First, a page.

What is the future of wellness?

Keeping fit and healthy has helped fuel us through the COVID-19 pandemic. Months of ongoing closures led to the surge in home fitness trends and a shift to virtual tools, from online meetings to workout apps. Wellness spans many different meanings and forms, but its unprecedented demand will only continue to grow in a post-pandemic world. Although wellness has been on the exponential rise over the past decade – with the global wellness economy valued at $4.5 trillion (2018 data from Global Wellness Institute) – it is predicted to garner an even bigger boom with 2021 being the year of the travel reset. What will this mean for the wellness industry in a post-COVID world?

The future of wellness

In a recent article on Forbes, Tracy Brower outlines the future of wellness in the workplace as a major trend. “Wellbeing is important for employee happiness and fulfillment, but is also critical for business results”, said the article. According to the 2021 Employee Wellness Industry Trends report from Wellable, mental health programs in the US are seeing a rapid increase in adoption and investment as the pandemic wrecks havoc on health conditions. The majority of employers are increasing investment in mental health programs (88%), stress management and resilience (81%) and mindfulness and meditation (69%).

The Global Wellness Institute’s Global Wellness Trends report for 2021 analyzed nine predictions for wellness travel. Interesting trends included a demand for personalized nutrition, spiritual architecture and a focus on breathwork.

Mandarin Oriental, Boston’s Spa Director Jason Paluch shares his insight with Atma on where the wellness industry is heading. But first, there needs to be more clarification on how to define wellness, a term which has in some ways, has become too broad. “There are many versions of what this means across numerous brands”, he said, “Growth in this field will continue, but the businesses promoting wellness offerings will need to be specific about what they are offering and how it supports the guest’s overall wellbeing”. He noted that consumers need to understand the generic terminology to understand the expected benefits of the offerings – singularly and in combination. “Wellness offerings should be tailored to the guest’s individual needs which will be ascertained with a thorough consultation with their wellness specialist”, he added.

Working from home can lead to a blurring of physical and organizational boundaries between work and home, cited a report by BMC Pubic Health. It then went on to describe the negative impacts formed as a result, including an effect on mental and physical health due to extended hours, lack or unclear delineation between work and home and limited support from organizations. Physical consequences include back, neck and hip pain, said Paluch. “Many people began working from home with virtually no notice and are not set up ergonomically in their makeshift home offices”, he outlined, “Their bodies are suffering due to the constant strain of poor posture and equipment. The concepts of healthy ergonomic workstations needs to be a priority with overall wellness offerings”. Thus, there needs to be an accessible wellness solution if there will be this continuation of working-from-home schedules – like online workouts and stretching tools.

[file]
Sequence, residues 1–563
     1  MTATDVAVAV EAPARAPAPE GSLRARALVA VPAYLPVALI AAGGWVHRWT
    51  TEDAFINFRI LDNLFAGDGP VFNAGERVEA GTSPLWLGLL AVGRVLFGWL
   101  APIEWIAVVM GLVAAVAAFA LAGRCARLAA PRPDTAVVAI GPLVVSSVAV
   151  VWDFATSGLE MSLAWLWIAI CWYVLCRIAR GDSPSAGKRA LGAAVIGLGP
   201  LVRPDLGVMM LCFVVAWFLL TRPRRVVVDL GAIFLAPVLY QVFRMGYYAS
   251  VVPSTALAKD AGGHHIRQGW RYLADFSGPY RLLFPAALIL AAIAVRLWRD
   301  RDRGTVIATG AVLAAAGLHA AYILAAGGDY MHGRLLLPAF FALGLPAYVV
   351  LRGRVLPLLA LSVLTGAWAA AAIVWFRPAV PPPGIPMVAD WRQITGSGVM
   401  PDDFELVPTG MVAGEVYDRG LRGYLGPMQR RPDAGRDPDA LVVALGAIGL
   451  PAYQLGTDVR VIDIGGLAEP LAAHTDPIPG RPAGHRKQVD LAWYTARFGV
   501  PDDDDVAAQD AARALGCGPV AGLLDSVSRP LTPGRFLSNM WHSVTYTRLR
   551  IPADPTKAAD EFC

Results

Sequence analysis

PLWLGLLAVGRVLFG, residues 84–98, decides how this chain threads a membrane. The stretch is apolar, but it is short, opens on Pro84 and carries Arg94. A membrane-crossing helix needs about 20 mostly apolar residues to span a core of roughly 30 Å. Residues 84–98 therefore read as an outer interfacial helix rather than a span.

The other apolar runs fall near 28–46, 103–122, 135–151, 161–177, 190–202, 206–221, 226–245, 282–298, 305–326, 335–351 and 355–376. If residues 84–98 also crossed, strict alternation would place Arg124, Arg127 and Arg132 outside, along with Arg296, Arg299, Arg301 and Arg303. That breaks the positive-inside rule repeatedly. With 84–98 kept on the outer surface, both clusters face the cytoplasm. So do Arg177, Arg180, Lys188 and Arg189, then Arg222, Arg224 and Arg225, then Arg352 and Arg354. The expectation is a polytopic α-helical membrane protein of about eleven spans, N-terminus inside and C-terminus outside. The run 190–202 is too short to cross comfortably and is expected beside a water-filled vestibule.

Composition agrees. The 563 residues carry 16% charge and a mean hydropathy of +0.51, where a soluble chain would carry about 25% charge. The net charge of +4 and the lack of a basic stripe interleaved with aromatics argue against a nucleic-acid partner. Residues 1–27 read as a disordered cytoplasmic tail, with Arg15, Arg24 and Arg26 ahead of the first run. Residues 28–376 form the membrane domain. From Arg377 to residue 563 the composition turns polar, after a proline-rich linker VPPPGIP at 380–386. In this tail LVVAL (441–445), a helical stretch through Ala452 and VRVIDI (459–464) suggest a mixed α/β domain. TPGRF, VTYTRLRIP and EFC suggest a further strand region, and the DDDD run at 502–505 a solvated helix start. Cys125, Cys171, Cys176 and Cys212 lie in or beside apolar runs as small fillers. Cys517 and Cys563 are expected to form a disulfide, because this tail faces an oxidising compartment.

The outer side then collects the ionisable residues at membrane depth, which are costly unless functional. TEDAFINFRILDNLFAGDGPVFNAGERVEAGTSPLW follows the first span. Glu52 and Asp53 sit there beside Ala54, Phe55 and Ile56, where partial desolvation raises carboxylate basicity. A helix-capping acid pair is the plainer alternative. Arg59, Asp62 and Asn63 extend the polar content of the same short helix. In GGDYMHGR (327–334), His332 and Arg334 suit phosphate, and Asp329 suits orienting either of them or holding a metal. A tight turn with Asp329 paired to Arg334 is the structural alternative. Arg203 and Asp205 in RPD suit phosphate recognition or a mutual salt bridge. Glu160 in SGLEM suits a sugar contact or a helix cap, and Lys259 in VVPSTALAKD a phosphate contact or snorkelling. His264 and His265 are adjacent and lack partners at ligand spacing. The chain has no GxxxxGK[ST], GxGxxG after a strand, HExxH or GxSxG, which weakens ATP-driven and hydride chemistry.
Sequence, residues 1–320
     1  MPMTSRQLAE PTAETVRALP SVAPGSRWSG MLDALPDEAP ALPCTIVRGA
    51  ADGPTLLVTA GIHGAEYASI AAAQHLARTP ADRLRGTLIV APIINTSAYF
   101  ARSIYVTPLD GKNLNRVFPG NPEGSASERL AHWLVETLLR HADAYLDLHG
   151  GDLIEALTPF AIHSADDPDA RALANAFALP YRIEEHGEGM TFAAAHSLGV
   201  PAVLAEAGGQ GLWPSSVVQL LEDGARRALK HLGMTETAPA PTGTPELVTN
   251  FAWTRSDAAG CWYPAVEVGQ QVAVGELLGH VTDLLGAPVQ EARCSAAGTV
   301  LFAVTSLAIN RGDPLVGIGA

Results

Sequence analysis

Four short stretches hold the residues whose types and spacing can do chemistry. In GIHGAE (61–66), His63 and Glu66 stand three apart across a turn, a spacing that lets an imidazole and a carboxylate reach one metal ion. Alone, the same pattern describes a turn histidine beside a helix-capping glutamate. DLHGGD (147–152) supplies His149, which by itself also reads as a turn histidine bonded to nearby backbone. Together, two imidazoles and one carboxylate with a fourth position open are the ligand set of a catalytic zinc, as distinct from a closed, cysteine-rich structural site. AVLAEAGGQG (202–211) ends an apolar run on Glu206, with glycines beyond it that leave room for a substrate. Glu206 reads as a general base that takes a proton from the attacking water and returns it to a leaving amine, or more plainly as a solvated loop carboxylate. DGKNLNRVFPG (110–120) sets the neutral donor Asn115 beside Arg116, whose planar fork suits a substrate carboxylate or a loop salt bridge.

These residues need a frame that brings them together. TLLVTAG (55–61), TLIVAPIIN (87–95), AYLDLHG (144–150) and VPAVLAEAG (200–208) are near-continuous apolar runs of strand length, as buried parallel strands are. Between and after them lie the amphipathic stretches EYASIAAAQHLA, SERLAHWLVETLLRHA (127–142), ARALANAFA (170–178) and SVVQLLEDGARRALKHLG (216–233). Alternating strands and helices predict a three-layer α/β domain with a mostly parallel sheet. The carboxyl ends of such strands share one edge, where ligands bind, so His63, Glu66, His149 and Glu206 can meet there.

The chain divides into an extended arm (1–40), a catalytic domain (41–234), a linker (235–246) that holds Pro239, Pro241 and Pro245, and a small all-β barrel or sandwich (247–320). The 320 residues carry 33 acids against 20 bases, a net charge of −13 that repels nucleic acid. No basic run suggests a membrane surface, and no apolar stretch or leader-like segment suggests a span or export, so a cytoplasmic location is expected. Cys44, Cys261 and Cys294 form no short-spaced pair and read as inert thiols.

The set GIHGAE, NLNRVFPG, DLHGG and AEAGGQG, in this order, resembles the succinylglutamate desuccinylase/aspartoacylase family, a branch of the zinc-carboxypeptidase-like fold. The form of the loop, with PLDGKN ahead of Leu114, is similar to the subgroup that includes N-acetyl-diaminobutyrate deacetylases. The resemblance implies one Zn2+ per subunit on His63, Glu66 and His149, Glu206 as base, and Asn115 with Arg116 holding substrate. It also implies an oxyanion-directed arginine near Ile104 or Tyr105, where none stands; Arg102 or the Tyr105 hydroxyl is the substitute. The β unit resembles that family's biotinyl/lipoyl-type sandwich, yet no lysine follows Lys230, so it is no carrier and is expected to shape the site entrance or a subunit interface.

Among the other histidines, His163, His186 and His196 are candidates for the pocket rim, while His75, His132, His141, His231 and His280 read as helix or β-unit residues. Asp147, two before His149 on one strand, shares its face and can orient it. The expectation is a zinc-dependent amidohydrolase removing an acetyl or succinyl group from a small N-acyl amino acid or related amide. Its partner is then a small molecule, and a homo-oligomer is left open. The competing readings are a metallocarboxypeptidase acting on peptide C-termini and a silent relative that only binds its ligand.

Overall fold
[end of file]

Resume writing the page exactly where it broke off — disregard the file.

Current trends in wellness include oxygen chambers, biohacking, cryotherapy, talking to animals, ultra-fitness, chromosome testing and zen goals, Anna Bjurstam, Wellness Pioneer at Six Senses Hotels Resorts Spas, told us. While these are exciting, we need to focus on the basics first, she noted. “We need to focus on our sleep, connecting with nature every day, moving for at least 30 minutes every day and finding a mindfulness practice that works for the person. Plus, one must eat foods to nourish oneself, stay hydrated (with good stuff) and connect with one’s heart”.

Virtual wellness

The COVID pandemic saw an emergence of new wellness brands in the virtual space, from workout apps to online wellness consultations. And it will continue its pursuit. “The growth in the virtual programming has exploded”, Paluch told us, “Initially out of necessity for the survival of the programs, then by the need of consumers to find alternatives to in-person experiences”. He added that the discovery of exercise and meditation at home has been far more effective than we could have imagined prior to the pandemic – and it will continue with virtual sessions post-pandemic. Mandarin Oriental has expanded its communication to bring specialist expertise in fitness, mindfulness and skincare practices from around the globe directly into homes via streaming platforms. “We have seen incredible interest and engagement and plan to further expand this programming”, he added.

Bjurstam agreed. “We now have a completely new platform and we do educational programs, master classes, various wellness classes, we communicate through our virtual platforms with our existing and future guests and we can reach out to them in a new way”, she told us. “We are seeing more curated virtual wellness programs being developed and it will be interesting to see where it goes in the future – but no doubt virtual fitness and wellness programs are here to stay”.


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